Laying in the ground colour
The ground colour is just burnt umber, again just slap it on as shown in my video below.
Very near the end, you add a little of the creamy sky mix, just to denote the ground cover.
Then you begin to enter the horseman, take it slowly, as mistakes now will be costly to the finished painting. I don’t normally draw in my figures at this stage. As I refer back in my mind to my original drawing. I have drawn them in for you, to give you the confidence of painting the figures, as you will be able to follow your drawing along with my video.
Technique is so important at this stage. I want you to digest the technique I am using in my video. You will see that I am working on the body of the rider. Watch it many times to digest the technique, of projecting movement!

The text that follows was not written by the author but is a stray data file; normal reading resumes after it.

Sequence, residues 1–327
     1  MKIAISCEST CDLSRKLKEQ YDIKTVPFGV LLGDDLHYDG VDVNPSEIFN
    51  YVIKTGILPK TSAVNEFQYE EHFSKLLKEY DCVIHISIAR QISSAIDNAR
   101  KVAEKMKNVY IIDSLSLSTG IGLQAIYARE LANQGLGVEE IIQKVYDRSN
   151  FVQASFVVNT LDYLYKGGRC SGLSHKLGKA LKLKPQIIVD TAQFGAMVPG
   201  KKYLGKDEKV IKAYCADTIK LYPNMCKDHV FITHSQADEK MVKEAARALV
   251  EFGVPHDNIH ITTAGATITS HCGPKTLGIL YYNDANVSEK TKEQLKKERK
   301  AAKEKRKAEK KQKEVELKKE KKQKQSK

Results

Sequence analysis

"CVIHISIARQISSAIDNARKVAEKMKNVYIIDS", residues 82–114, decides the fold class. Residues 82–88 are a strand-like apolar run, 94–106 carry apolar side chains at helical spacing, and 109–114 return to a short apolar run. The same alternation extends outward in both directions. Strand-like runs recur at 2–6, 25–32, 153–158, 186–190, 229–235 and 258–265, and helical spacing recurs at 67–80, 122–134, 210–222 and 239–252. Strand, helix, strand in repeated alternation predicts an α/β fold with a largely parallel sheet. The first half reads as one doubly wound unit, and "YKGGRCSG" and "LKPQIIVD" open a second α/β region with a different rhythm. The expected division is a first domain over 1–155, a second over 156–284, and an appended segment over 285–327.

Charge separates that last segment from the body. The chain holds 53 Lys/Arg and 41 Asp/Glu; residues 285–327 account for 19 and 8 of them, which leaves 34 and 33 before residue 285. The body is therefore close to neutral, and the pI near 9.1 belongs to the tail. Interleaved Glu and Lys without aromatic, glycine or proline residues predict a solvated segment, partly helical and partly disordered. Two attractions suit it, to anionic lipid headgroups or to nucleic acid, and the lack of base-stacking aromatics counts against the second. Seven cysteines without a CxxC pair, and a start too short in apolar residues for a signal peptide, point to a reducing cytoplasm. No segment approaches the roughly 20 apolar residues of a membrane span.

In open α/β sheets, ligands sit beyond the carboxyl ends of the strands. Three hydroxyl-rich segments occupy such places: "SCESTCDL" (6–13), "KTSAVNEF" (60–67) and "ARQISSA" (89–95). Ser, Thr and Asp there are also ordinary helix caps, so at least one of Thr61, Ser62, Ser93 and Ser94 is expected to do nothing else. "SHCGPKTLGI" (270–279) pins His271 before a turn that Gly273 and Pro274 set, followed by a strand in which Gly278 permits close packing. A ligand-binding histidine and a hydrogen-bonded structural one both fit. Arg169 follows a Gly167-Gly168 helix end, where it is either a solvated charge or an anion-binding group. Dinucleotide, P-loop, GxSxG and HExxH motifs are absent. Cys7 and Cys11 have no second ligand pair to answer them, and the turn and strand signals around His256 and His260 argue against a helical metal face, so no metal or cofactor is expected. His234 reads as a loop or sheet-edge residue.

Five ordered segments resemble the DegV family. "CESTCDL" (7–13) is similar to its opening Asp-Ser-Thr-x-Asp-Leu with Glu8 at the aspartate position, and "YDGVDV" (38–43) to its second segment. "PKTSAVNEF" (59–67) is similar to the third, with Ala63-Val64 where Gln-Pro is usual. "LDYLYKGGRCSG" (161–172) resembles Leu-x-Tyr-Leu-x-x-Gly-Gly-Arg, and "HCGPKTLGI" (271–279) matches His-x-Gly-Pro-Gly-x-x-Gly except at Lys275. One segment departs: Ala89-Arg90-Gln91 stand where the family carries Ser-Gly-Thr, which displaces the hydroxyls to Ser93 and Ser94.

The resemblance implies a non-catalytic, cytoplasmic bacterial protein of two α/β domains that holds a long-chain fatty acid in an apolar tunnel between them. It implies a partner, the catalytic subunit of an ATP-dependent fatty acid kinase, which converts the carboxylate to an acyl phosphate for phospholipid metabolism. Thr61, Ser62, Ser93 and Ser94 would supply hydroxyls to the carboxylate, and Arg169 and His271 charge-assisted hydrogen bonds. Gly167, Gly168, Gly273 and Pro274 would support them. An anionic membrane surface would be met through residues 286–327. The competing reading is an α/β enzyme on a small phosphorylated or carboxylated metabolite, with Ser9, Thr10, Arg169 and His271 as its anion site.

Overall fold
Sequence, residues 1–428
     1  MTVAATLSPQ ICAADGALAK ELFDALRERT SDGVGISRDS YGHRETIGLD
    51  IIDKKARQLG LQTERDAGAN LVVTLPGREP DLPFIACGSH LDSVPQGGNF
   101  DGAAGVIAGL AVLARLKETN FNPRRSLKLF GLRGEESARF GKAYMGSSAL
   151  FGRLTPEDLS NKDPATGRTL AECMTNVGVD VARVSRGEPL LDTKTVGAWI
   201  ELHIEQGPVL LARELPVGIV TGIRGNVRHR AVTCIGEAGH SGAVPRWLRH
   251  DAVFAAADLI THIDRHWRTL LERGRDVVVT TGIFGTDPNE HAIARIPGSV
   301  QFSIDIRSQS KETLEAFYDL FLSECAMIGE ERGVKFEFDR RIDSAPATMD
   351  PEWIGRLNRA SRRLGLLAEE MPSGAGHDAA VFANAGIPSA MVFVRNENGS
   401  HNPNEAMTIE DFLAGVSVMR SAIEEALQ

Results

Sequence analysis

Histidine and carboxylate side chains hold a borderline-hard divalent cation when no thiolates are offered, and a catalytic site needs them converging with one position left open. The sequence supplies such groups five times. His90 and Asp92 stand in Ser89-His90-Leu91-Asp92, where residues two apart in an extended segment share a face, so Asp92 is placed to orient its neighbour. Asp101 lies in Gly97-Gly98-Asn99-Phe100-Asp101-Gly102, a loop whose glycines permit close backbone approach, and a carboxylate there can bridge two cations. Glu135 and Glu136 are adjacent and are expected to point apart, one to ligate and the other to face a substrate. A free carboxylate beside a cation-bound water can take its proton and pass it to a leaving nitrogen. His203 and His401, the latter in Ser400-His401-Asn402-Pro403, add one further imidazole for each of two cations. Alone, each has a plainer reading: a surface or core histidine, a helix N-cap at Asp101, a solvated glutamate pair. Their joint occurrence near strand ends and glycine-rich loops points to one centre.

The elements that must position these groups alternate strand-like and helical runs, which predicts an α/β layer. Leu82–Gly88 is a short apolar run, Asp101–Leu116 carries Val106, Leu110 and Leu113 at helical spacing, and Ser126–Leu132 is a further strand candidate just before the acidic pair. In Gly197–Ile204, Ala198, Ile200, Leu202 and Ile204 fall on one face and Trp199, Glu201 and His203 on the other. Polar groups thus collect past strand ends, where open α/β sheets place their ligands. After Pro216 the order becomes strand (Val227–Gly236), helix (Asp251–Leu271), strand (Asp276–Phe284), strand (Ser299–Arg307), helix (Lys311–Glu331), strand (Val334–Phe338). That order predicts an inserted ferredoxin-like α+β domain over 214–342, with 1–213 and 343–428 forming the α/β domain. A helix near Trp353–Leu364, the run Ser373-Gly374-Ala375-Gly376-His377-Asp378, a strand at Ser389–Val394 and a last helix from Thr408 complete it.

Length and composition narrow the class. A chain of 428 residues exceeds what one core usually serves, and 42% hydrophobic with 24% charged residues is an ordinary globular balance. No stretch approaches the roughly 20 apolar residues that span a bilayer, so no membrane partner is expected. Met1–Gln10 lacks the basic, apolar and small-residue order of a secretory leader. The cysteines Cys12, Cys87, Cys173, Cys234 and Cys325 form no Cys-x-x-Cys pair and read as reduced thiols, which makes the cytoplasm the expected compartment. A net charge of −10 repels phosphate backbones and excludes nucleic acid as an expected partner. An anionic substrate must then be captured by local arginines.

Even the slightest difference of the position of the body, related to the arm, will give an impression of movement. Paint it in incorrectly, and it will remove the feeling of movement.
How to know when you have got it right? I use a feeling within me to gauge when I have got it right. I resemble it to when you hear a musical song that turns your attention. And you get that little feeling within, saying, ‘HEY THAT’S A GOOD TUNE’ that’s what I want you to feel.
When you think you have got the position right to create movement, look at your painting again and again, and if you feel that it’s not quite there, change it. You can always change again.
Angle of Sunshine
It is important at this stage. To know where your sunshine is coming from. And as a result of that, I would like you to define your highlights. To depict your sunshine.
Colour of the Riders Body
Note in the video, that I have now made the rider’s body darker, and just a little lighter, on the left-hand side. Because subsequently, that is where the sunshine is coming from. Therefore I want you to do the same. Enable yourself to make the highlights to shine brighter when you add them to the rider and painting.